Golden, 87047, United States
Leroy Gonzales is happy to introduce visitors to his work, and usually leaves the front fence/gate open even if he is not at home.
About the Artist/Site
The former mayor of Golden, NM (population 37) is able to see the bottle fence that Ardell Scartaccini had built glinting from across the road, the remains of the New Mexico Glass Garden that once formed the perimeter of Scartaccini’s Turquoise Trail Shop. It is not unlikely that he would have been influenced by that mode of simple and inexpensive decoration, and a small bottle fence now stretches across the frontage of Gonzales’s small property just north of the center of Golden.
But Gonzales’s inspiration also comes from other sources as well. With large “welcome, come in” signs flanking the driveway entrance, the site clearly references the half kitschy/half naive roadside attractions that abundantly border the byroads of rural New Mexico. Just inside the bottle fence, in a surprising change of medium, Gonzales has sculpted his dog and cat out of the adobe earth; they lie, monumental in size, sprawled out in the center of the property. But the dog has a purpose, as well: it is plumbed so that Gonzales can use the rising water shooting out of a depression in the animal’s back to rinse rock…a process essential to the mining of gold.
And that is the second inspiration that clearly stimulated Gonzales’s constructions: behind his property rise the forested hills of the Ortiz mountains, which are still producing gold for hardy miners who stake their claims and go about the hard business of digging and rinsing dirt and stones with the dream of becoming a millionaire. Although Golden itself has actually been considered a ghost town since 1928, it had been the site of the first gold rush west of the Mississippi River, in 1825. To underscore this history, Gonzales has created a “Gold Mine” toward the rear of the visitors’ area in front of his home: a shack constructed from recycled timber that references the shoddy cabins of the miners. Toward the back of the shack, whose roof touches the ground at the rear, and thus prevents adults from entering the constricted space without crouching or crawling, he has installed two mirrors to trick the eye and the mind into thinking that the tunnel into the earth goes on forever.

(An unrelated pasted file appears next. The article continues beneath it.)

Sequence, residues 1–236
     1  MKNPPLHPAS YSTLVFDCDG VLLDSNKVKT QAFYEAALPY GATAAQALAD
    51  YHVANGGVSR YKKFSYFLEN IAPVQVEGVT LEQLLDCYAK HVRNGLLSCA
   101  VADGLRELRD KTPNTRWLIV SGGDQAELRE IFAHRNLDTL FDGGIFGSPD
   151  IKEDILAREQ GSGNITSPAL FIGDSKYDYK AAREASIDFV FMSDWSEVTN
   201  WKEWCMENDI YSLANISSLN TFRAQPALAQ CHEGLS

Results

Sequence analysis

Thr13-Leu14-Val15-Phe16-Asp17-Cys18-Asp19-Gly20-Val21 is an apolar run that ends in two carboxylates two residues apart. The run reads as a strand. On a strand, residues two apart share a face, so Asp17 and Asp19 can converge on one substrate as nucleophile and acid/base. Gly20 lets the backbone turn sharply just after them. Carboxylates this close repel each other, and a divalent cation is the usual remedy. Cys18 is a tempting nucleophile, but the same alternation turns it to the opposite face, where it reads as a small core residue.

A new “Cantina”—actually, the façade of a cantina—had recently been completed at the time of my visit in early November 2014; Gonzales was still grappling with the size of the window, and whether a second one should be added on the opposite side of the centrally-located glass “door.” Musing about the aesthetics of the placement, he nevertheless was delighted with his construction, and proud to show it off to the casual visitor.
Leroy Gonzales is happy to introduce visitors to his work, and usually leaves the front fence/gate open even if he is not at home. Perhaps somewhat wistfully recalling the days of his greater community prominence as mayor, this small environment of diverse works provides him with the opportunity to command the attention of visitors once again.
~Jo Farb Hernández
Map & Site Information
Latitude/Longitude: 35.266986 / -106.213913
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